The respectable but tiny middle and upper classes grumbled about Jesus’ popularity with the poor and struggling masses. They wanted to discredit him, take away from his appeal by pointing out what rotten company he kept. But Jesus’ spiritual authority shone through and gave him a place from which to criticise his critics. Parables were powerful and they eventually contributed to the plot against him. But through the parables the poor could see light, could see things from the perspective of heaven. Instead of intellectual arguments (which Jesus was quite capable of holding his own in if occasion demanded it), he told stories with a twist. Shepherds were unclean according to the religious regulations. But at least they could earn some kind of living. Imagine! Jesus calls out to his hearers, rotten and respectable. Imagine! This shepherd has a perfect flock – it’s got exactly 100 sheep in it. One evening as the shepherd brings them all back to the stone pen for safety against the wild animals and the dark, he can only count 99. This shepherd cares for his flock so much that he goes out searching for the missing one. Imagine again! Imagine the party when he comes back with the errant sheep over his shoulders! God and heaven are like that if a so-called sinner lets God look for him and bring him home.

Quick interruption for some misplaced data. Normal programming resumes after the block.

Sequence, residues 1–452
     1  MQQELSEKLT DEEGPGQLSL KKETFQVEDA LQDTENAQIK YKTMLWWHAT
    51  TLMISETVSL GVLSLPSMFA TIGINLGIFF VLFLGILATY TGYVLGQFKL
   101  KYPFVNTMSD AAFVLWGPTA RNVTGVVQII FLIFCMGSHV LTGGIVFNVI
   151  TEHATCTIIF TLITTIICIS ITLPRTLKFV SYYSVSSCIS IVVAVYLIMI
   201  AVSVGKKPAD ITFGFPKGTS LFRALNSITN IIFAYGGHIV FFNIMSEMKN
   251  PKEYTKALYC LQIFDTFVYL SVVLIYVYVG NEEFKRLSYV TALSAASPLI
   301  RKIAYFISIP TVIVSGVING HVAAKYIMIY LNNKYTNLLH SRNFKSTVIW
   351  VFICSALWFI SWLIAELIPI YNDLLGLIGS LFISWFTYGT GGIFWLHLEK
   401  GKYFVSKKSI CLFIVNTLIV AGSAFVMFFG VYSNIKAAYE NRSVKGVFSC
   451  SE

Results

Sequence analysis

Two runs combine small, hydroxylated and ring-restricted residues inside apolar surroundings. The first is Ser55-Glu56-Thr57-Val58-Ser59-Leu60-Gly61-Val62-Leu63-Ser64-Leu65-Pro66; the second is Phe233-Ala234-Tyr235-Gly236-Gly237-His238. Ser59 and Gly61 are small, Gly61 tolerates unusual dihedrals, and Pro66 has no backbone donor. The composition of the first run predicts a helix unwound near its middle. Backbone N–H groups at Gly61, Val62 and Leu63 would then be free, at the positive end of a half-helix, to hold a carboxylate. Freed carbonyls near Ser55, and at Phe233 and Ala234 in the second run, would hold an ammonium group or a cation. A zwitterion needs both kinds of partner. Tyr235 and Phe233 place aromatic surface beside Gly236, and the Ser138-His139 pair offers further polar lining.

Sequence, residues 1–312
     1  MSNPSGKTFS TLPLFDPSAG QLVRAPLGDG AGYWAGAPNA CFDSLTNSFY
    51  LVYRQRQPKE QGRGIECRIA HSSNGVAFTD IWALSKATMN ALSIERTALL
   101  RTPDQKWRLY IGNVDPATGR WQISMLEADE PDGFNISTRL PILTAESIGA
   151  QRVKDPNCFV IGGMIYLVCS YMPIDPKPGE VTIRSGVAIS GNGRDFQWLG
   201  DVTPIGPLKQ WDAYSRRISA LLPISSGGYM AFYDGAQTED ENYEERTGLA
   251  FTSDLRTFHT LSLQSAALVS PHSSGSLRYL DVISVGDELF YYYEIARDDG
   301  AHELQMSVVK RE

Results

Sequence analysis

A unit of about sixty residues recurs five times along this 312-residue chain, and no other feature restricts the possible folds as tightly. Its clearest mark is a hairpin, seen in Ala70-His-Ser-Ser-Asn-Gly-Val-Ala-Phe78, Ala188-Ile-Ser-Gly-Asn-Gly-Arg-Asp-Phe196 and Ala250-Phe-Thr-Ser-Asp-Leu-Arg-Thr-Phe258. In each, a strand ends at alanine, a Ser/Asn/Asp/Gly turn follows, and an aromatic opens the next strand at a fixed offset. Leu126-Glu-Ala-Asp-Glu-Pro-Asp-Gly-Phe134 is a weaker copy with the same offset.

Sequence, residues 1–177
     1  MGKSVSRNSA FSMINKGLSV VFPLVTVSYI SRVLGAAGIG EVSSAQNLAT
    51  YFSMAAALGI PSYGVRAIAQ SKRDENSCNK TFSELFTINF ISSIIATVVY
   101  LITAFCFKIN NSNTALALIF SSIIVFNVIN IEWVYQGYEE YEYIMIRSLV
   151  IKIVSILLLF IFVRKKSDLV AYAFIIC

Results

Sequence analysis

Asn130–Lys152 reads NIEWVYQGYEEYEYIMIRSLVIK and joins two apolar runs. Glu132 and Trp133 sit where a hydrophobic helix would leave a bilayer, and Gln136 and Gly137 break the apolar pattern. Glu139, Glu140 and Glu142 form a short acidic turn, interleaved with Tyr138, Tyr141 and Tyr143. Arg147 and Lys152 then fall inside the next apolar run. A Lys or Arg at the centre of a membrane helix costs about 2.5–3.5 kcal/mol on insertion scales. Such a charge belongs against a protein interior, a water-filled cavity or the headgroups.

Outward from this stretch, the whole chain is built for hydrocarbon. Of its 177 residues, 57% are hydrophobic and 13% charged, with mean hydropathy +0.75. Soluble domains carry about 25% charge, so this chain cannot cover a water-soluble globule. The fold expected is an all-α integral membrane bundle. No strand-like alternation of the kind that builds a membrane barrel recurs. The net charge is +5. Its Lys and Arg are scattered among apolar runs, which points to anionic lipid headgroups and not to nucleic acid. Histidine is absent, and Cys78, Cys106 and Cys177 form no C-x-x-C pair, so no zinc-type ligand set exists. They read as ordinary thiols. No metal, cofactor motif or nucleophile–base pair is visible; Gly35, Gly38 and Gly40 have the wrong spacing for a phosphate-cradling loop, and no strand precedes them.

Imagine again! Jesus says. Women were of little or no account in his culture. But if they were lucky, they got a dowry – often coins which they would wear in a string around their heads. If they were widowed, at least this was a form of life insurance. So how upset would a woman be if one of her complete set of coins went missing somewhere? She spares no effort to track it down. Imagine the relief of her friends and neighbours when she finds it again! Do you know – God is like such a woman, Jesus exclaims! God’s angelic friends and neighbours are delighted when a missing person lets God bring them back to the light.

The point of the parables